The R2-D2 fridge droid is the newest addition to online retailer Hamee’s catalogue of novelty goods. Once you open the door though, he’ll move, light up, and talk.
Well, while there’s no denying it makes sounds, we’re not sure those noises technically qualify as “talking.” Still, your ears will instantly tell you who’s waiting inside the fridge as surely as if he announced “It’s me, R2-D2!”
As product manager Atsushi Yamashita says in the video below, life can be lonely for singles who live by themselves. “I wanted to make something that says ‘Welcome home!’” he explains. “Something that makes it feel like you’ve got a family member living with you.”
Visually, this is an impressively faithful recreation of the "Star Wars" robot, featuring an intricate layout of bumps, ridges, and markings.
But what sets the 4,320-yen “talking fridge gadget” (which can be ordered here) apart from an ordinary figurine is the way it reacts to light when you open the door of your refrigerator. The unit comes loaded with 15 different audio clips ranging from “Greeting” to “Message for Obi-Wan” and “Argument with C-3PO.” The samples are taken directly from the "Star Wars" films, which seems to be what the promotional video is getting at when it touts the product’s “real sound.”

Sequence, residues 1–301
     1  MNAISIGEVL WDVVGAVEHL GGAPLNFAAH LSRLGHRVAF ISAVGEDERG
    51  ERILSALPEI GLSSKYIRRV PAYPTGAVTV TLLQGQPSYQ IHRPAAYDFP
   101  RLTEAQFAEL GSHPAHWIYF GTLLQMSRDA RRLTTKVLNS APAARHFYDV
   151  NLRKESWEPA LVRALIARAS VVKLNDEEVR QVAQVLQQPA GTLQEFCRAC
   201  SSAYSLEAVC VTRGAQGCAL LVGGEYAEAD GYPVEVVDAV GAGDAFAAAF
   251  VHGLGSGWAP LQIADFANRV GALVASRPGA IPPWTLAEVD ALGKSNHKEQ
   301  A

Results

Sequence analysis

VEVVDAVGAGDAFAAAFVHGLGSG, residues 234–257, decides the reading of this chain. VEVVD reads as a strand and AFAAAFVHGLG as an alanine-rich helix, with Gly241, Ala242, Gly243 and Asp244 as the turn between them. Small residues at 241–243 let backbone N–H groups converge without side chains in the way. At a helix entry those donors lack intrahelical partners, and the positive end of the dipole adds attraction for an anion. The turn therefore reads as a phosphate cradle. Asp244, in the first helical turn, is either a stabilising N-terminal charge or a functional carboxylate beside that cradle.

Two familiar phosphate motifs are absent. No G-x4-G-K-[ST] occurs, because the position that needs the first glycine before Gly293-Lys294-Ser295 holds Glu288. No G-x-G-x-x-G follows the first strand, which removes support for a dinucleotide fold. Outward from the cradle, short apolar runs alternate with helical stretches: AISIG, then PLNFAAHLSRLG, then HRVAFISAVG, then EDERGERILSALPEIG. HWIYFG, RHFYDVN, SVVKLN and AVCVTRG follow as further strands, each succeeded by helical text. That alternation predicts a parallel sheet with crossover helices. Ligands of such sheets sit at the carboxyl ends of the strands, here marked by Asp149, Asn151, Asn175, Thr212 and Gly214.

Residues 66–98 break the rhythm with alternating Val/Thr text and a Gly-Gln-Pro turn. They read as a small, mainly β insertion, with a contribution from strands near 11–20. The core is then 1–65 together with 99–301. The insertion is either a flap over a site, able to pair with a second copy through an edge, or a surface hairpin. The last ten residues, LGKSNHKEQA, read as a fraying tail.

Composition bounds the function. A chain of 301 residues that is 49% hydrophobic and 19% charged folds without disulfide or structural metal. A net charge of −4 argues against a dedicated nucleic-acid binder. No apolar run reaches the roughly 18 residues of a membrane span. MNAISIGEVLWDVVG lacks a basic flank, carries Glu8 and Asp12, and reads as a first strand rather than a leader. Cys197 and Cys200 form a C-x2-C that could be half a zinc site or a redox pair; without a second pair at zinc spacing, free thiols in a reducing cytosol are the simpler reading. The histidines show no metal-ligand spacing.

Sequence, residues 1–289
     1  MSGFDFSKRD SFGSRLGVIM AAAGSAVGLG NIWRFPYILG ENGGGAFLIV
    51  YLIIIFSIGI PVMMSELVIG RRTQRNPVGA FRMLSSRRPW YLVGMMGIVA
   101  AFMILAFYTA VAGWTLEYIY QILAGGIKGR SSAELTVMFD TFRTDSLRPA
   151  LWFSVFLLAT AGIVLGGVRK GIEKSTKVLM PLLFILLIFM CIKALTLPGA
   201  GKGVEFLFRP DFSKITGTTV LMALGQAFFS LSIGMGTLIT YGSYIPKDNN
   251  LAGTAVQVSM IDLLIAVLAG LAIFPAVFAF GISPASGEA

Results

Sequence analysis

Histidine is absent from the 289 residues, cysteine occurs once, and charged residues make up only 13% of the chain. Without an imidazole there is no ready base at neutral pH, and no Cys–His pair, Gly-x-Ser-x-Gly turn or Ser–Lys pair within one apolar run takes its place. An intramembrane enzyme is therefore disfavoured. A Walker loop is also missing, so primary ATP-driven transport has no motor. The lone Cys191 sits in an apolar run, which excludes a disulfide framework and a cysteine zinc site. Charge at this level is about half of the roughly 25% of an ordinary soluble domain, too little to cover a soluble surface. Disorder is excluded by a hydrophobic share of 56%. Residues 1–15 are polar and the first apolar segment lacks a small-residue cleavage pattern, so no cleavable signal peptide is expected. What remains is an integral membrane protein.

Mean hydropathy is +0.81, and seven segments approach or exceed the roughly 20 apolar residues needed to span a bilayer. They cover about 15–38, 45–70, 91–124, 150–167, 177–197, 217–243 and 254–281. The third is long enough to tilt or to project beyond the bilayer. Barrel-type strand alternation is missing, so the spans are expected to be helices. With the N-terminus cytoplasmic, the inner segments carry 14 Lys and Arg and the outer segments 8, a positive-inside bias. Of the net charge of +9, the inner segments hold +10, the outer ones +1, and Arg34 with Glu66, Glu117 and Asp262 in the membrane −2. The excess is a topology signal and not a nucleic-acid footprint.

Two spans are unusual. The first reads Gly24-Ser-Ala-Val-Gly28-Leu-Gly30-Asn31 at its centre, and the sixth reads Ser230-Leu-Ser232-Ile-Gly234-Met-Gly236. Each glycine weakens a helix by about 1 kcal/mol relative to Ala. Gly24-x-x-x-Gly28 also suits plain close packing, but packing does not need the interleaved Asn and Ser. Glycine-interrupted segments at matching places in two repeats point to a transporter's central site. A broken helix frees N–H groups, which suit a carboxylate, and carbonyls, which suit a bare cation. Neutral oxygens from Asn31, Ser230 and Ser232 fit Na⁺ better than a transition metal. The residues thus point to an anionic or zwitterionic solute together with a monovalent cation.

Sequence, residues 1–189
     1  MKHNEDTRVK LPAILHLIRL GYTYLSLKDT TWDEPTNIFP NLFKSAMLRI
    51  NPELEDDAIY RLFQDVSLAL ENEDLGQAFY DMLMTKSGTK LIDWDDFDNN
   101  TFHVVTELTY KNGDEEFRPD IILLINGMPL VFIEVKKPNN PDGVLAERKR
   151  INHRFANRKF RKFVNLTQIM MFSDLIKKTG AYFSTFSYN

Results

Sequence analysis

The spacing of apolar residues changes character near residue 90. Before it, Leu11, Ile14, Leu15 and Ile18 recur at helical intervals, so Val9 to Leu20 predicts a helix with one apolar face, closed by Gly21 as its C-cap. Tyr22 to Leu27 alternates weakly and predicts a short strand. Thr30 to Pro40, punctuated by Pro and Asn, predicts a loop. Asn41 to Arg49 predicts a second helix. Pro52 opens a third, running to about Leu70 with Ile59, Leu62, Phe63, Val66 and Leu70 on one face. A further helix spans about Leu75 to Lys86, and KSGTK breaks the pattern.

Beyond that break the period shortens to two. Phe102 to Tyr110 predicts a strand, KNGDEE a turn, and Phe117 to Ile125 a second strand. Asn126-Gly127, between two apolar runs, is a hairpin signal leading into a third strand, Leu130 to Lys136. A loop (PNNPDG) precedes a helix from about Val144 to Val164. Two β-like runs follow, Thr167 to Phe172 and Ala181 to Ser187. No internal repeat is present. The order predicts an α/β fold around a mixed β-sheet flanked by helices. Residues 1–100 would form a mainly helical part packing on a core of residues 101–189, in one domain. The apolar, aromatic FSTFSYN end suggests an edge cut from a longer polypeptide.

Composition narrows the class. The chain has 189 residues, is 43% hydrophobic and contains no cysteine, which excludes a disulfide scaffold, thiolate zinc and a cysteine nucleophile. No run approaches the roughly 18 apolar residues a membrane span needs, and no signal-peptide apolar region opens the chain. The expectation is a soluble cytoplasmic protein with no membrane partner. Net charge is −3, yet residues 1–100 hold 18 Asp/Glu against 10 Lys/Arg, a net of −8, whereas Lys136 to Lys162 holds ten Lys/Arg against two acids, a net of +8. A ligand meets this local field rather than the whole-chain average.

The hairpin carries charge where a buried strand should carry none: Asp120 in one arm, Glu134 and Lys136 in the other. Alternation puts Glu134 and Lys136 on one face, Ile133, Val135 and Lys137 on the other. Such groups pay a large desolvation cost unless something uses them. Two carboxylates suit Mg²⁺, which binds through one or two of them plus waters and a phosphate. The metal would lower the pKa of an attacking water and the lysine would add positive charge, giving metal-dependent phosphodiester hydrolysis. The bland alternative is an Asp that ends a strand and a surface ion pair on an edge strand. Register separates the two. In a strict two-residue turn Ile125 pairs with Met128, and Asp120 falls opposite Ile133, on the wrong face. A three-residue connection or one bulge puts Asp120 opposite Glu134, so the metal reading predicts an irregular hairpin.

You can also make the robot “talk” by pressing the action button on the top of its head. However, R2 isn’t just here for friendly companionship (and possibly to munch on your leftovers). He’s also got a secondary role of reminding you not to waste electricity. Leave the refrigerator door open too long, and he’ll produce an angry squeal on par with the one he lets out when being peppered with enemy fighter fire.
The compact unit is powered by a pair of AAA batteries, which Hamee claims will keep the droid going strong for roughly three months.
As any "Star Wars" fan knows, despite his cute, unassuming appearance, R2-D2 is constantly surprising those around him with his hidden abilities. Hamee’s fridge bot is no exception, as Yamashita says that locked away somewhere in its programming is a “secret voice.” He doesn’t provide any clues as to what exactly it is, though.
Sources: IT Media, Hamee
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